NDM-1 showing up in hospitalsNDM-1 Superbug is on the minds of many people now as it has been predicted to spread world wide. This suberbug was first discovered a year ago with a Swedish person who was a patient in a hospital in India. Now the bacteria has spread and became a dangerous threat. NDM-1 is a bacteria that attaches itself onto another serious disease, such as Kebsiella pneumonia and E. coli. Once it attaches itself, that condition becomes very drug resistant, even to carbapenems used to treat emergency outbreaks, superbugs and last resort treatments.

NDM-1, or New Delhi metallo-beta-lactamose alters bacteria because it is an enzyme that lives off the other bacteria. Currently the two known host for this gene includes E. coli and Kebsiella pneumonia. Basically, the symptoms will be that of the E. coli and the pneumonia which will be resistant to treatment. Anyone undergoing any of these symptoms should seek medical attention immediately, especially if coming into contact with someone who could be a carrier. Preventive measures includes effective hand washing and vigilant hygiene measure according to Christopher Thomas, who is a professor of molecular genetics with the University of Birmingham.

E. coli symptoms: Diarrhea that can come on as mild to severe in nature. It can watery or even bloody. It is usually associated with pain and cramping in the abdomine region. Some people also experience nausea and vomiting. Another symptom that has been related is an urinary tract infection.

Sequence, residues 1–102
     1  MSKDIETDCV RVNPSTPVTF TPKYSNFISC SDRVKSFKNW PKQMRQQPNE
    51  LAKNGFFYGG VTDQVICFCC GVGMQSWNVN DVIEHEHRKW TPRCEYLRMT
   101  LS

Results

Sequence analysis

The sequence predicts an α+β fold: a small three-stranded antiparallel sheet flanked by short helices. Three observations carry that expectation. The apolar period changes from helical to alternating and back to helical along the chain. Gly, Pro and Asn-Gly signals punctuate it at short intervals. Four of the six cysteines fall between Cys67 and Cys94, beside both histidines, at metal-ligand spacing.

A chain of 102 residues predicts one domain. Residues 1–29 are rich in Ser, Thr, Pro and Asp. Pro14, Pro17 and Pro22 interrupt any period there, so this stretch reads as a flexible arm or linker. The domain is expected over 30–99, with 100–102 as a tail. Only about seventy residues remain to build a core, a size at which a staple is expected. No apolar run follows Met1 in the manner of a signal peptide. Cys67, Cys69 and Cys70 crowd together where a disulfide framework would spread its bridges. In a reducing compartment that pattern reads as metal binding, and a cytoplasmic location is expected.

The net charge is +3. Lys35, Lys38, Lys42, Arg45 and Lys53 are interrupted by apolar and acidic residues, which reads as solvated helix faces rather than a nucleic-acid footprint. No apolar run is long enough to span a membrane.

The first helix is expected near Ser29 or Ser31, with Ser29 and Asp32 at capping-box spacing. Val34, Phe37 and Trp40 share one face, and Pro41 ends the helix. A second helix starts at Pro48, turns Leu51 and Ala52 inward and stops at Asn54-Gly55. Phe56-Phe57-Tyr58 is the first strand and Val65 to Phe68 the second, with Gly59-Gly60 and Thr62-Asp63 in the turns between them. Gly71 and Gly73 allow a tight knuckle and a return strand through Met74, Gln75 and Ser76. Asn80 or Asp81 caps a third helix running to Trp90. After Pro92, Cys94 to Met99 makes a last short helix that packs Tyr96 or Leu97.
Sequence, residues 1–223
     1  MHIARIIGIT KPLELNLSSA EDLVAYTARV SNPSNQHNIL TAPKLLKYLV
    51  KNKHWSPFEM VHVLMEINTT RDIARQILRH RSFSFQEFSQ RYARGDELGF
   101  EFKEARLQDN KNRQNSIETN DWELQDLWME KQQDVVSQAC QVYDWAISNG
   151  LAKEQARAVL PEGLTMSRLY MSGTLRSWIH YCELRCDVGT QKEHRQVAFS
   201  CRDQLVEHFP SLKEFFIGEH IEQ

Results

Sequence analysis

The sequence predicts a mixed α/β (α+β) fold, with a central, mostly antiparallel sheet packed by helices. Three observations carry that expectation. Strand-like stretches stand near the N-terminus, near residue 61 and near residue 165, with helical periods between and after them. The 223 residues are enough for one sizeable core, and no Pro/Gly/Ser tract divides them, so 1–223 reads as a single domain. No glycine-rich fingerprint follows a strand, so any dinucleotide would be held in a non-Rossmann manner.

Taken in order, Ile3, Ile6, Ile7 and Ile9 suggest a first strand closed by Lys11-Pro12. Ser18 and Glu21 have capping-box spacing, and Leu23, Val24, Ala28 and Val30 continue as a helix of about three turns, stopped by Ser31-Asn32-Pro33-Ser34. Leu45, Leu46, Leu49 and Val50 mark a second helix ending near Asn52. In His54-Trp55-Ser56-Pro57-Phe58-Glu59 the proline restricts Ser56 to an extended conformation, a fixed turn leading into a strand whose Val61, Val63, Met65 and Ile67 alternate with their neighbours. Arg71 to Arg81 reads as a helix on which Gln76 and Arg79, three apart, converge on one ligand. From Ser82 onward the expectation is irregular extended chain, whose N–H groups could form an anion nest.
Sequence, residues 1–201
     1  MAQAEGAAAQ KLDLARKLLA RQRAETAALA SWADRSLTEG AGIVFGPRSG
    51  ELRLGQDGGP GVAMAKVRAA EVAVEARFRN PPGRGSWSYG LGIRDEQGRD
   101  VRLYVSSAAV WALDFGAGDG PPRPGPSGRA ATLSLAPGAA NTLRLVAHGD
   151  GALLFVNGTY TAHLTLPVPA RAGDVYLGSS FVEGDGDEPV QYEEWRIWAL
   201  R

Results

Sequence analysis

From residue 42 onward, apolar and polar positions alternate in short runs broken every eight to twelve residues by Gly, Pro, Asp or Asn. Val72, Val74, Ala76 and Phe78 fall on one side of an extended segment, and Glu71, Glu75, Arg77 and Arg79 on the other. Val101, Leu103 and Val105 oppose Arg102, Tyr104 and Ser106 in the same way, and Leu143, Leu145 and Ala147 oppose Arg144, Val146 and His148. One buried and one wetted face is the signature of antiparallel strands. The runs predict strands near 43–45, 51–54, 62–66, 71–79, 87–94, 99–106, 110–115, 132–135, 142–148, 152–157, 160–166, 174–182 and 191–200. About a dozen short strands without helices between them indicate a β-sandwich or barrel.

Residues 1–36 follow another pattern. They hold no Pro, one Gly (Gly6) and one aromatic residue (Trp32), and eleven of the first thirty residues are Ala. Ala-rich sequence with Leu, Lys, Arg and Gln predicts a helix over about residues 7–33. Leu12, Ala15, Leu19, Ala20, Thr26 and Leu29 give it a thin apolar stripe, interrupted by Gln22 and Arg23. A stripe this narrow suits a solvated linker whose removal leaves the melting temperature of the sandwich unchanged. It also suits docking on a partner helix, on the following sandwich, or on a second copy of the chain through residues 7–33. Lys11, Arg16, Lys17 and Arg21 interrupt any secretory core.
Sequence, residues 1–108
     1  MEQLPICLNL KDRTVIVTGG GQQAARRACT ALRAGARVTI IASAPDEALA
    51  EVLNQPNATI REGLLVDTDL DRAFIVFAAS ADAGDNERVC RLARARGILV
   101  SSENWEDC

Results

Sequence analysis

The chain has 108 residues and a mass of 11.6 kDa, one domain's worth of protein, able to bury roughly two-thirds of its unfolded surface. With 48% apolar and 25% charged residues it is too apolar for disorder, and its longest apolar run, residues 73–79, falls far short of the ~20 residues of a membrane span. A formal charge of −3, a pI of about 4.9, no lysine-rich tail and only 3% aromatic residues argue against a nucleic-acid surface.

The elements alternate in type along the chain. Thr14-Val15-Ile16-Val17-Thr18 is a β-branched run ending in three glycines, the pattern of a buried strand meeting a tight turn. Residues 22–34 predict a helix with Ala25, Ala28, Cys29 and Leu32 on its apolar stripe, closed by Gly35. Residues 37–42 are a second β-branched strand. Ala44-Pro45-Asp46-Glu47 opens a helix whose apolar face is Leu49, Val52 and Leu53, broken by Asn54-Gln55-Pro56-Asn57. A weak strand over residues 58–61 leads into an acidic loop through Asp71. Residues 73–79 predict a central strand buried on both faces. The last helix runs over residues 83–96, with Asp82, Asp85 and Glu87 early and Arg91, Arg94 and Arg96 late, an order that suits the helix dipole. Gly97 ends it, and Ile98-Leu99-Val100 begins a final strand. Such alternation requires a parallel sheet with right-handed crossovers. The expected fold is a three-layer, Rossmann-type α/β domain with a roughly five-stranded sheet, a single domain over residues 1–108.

Kebsiella pneumonia symptoms: The Klebsiella bacteria is a fast progressing disease. The most common symptoms include a temperature that is 103 degrees Fahrenheit or greater. The fever can be accompanied by dizziness and chills. A cough is also usually present with sputum from the lungs that can include blood. If not treated vigorously and quickly, it can cause holes in the lungs linings. Once the disease progressed to the upper respiratory tract, a foul odor can be released from the nose. Severe congestion can also occur. However, a case that occurs in a hospital can be less apparent and/or gradual with the added symptom of wheezing.

Risk factors for the superbug known as NDM-1, currently includes anyone who has been hospitalized in India, Pakistan or Bangladesh. This is especially true for those who have undergone a plastic surgery procedure. Other risk involved people who have travel to the India or Pakistan. Britain is now a threat as well. Because of the large amount of Americans who have plastic sugery in India and Pakistan, this can become a health issue within the States as well.